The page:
by Manu Garg
When you call a function in C, you need to ensure mainly 5 things:
- Store the returning address somewhere, so that we can continue
executing the current function after completion of called function.
- Saving other information about current function. (Later, we'll see
that it boils down to saving current frame pointer (EBP) somewhere.)
- Providing the callee with the parameters.
- Providing called function some space to store its automatic variables.
- Providing some mechanism to get return value from the called
function. It's implemented using EAX register. Called function stores
return calue in EAX.
In C, first 4 features are implemented using stack.
Salient Features of Stack:
1. It grows downwards in memory. That is the top of the stack moves down
with each push to the stack.
_______________ <---- Bottom of the stack (fixed)
| | Higher memory address
|_______________|<---- Top of the stack (moving down)
| Lower memory address
V Grows downwards in memory
2. Top of stack (pointer to the last pushed vlaue) is stored in the
3. Only operations allowed are push and pop.
Thus, **ESP alone represents the current status of the stack.
By convention, procedures will take their parameters from stack. If a
procedure returns a value that will fit in a register, it will be
returned in AL, AX, EAX, depending on its size. A procedure will in
general have local variables on stack as well.
A standard method of accessing both local variables and parameters is to
"mark" a place on the stack, and then address both parameters and local
variables by their offsets from the "mark". This mark or reference point
is called "FRAME POINTER" , because all the information that is pushed
into the stack at the time of procedure call is called a frame for that
Frame Pointer (FP) for the running procedure is always stored in EBP.
EXECUTION IN STEPS:
1. Push the parameters in the reverse order (right to left).
2. "Call" function now. It implicitly pushes the return address into STACK.
[[ call func ]]
------ Now enters the called procedure ------
3. Push the current EBP ie. Frame Pointer (FP) of calling function into
stack. We need to do this to continue with the execution of calling
function after return from the called function.
[[ pushl %ebp ]]
4. Copy the ESP to EBP. (yes, this location will be new FRAME POINTER)
[[ movl %esp, %ebp ]]
5. Allocate space on stack for local variables. It's done by
[[ subl $4, %esp ]]
------ Do some processing ------
6. Put the value to be returned in EAX.
----- Start unwinding STACK ------
7. Copy current EBP to ESP, it will reduce stack's size. Now we have
old FP at the top of the stack.
[[ movl %ebp, %esp]]
8. Pop a 32 bit value (which is old frame pointer) and stuff it into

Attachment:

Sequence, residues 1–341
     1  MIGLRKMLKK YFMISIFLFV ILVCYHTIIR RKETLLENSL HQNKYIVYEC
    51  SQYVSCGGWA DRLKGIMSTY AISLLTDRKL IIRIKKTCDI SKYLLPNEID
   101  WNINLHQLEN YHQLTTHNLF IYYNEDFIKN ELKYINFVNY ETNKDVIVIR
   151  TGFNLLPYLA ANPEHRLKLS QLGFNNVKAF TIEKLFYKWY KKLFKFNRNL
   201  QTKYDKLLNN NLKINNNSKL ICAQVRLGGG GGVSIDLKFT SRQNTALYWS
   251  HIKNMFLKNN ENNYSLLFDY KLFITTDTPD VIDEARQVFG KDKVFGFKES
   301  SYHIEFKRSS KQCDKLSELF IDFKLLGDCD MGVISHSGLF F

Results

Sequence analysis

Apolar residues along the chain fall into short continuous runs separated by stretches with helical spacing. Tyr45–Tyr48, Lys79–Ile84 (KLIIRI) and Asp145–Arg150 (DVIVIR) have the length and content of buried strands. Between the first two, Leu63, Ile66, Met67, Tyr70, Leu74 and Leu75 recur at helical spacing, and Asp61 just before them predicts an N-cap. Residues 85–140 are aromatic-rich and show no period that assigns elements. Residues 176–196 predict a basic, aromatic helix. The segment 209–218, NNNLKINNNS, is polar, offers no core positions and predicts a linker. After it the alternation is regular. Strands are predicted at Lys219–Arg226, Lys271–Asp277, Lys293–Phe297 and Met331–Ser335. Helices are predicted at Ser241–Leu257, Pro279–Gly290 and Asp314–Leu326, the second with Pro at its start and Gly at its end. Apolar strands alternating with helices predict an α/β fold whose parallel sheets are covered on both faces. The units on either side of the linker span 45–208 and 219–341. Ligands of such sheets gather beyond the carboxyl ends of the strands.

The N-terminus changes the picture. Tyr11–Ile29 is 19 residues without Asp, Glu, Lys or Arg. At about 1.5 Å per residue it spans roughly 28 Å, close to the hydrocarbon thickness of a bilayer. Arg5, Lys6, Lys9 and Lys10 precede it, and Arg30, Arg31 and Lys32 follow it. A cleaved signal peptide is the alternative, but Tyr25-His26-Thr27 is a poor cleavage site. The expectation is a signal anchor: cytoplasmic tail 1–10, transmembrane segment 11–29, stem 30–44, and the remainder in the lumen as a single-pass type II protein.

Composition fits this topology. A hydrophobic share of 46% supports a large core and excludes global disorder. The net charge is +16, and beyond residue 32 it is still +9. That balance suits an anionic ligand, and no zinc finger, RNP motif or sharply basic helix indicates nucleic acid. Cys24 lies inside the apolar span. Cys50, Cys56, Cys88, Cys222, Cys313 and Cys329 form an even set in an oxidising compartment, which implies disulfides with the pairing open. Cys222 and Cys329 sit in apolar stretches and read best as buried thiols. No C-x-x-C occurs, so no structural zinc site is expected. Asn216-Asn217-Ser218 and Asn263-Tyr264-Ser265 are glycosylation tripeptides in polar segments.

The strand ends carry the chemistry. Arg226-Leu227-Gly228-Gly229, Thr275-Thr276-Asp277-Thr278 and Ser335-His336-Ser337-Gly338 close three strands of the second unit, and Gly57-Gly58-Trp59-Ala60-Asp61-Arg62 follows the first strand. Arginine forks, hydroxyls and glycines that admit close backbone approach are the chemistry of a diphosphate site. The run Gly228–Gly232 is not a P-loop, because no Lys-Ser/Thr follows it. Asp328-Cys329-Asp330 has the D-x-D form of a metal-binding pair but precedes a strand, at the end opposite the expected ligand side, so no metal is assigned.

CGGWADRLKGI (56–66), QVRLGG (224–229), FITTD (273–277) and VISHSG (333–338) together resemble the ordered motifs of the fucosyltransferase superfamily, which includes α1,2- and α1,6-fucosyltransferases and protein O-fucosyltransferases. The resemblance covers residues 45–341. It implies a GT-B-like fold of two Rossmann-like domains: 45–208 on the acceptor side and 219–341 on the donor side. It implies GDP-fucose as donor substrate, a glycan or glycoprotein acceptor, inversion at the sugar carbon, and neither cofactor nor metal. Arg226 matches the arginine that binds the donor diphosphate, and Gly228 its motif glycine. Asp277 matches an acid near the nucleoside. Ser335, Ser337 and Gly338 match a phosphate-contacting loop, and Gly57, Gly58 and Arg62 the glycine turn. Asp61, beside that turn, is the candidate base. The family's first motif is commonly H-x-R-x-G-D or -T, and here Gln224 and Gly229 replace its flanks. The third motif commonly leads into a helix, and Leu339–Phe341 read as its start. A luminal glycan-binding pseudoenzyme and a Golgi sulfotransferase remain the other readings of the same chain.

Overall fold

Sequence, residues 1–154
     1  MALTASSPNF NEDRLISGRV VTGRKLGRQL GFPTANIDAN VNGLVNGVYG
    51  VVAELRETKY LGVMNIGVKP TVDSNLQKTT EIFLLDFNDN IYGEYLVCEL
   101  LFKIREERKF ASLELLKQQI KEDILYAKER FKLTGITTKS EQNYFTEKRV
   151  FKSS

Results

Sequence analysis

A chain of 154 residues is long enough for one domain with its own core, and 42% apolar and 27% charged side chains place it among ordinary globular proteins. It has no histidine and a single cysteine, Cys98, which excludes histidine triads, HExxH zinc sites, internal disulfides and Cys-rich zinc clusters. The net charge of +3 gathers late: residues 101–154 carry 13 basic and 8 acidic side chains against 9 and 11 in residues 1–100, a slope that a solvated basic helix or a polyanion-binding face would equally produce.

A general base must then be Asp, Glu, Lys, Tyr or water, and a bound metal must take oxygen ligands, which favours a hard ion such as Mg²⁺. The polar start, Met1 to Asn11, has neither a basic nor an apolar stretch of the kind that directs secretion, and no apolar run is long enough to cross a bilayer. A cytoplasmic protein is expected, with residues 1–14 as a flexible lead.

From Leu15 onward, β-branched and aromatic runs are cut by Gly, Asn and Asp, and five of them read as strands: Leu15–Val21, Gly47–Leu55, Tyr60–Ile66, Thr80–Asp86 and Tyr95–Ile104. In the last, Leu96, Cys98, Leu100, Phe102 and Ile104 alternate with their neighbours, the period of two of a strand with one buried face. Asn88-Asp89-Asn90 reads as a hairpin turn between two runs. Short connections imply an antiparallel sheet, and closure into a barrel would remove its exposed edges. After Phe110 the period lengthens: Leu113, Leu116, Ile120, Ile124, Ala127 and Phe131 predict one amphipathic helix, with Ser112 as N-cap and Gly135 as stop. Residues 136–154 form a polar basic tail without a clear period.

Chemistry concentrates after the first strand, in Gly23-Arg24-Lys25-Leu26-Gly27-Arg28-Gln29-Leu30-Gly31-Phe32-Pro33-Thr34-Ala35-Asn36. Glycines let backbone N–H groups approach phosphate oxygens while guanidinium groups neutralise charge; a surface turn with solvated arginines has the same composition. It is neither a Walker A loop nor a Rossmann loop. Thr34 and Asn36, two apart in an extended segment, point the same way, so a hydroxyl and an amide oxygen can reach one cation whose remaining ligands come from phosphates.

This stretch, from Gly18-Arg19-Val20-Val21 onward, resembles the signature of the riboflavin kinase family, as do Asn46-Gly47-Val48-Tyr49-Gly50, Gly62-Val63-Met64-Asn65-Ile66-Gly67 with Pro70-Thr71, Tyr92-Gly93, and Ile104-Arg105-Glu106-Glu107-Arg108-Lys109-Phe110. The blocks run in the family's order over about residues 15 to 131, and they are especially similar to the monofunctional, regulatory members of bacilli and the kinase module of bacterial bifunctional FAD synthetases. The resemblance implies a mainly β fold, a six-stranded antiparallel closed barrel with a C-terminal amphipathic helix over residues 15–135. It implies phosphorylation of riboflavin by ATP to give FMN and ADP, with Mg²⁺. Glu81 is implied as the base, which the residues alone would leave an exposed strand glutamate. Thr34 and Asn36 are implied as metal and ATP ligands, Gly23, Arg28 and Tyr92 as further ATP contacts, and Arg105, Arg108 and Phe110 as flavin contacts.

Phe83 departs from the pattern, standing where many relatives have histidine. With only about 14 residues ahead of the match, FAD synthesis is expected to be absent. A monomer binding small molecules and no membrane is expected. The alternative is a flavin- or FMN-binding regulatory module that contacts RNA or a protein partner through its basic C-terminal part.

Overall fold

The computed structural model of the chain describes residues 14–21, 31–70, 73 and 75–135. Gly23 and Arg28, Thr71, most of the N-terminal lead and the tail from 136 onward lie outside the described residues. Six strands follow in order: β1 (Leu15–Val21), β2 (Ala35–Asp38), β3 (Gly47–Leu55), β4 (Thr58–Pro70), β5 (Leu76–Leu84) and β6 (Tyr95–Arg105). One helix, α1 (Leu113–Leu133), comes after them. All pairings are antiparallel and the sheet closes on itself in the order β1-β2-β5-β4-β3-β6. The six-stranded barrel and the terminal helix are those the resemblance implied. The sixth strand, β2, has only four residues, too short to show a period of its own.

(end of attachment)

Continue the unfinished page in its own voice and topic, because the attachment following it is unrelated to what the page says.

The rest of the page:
EBP. (undoing Step 3)
[[ popl %ebp ]]
9. The "ret" instruction pops a 32 bit value from the stack and stuffs
into the program counter.
[[ ret ]]
** steps 7 and 8 are combined in single instruction "leave".
Example C Code:
static int a = 8; /*Static Storage*/
static int func1 (int x)
int t = 8; /* Local Variable */
return (x+t); /* Return */
int b = 0;
b = func1(a);
c = b;
Corresponding Assembly Code (Only relevant part shown):
.long 8 <-- Static variable a
pushl %ebp <-- Step 3, Push EBP
movl %esp, %ebp <-- Step 4, Copy ESP -> EBP
subl $4, %esp <-- Step 5, Create space on stack for t
movl $8, -4(%ebp) <-- Initialize "t" to 8
movl -4(%ebp), %eax <-- Step 6, Copy "t" to EAX
addl 8(%ebp), %eax <-- Step 6, Add "c" to EAX
leave <-- Step 7 and 8:
7: Restore ESP (EBP -> ESP)
8: Restore EBP (Pop STACK -> EBP)
ret <-- Step 9, (Pop STACK -> Program Counter)
pushl a <-- Step 1, push parameters
call func1 <-- Step 2, call func1
addl $16, %esp
movl %eax, -4(%ebp)
movl -4(%ebp), %eax
movl %eax, c
During execution of func1, STACK looks like:
______________ <---- Bottom of the stack (fixed)
| main |
func1 frame --> | a |<---- Parameters pushed
starts here |_______________|
| RET Addr |<---- Return address pushed by "call"
Frame Pointer-->| EBP |<---- FP for main pushed by func1
for func1 |_______________| Copy ESP to EBP
| t |<---- Local variable "t"
From the figure, you can make out that to refer to parameters we have
to add 8 offset to EBP ie. 8(%ebp). And to refer to local variable,
we'll say -4(%ebp).
**Remember, ESP points to the last item pushed, so 0(%ebp) will give us
FP of main.
Author: Manu Garg
manugarg at gmail dot com
Online URL of article - http://manugarg.googlepages.com/stack.txt
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© 2011-06-25 Manu Garg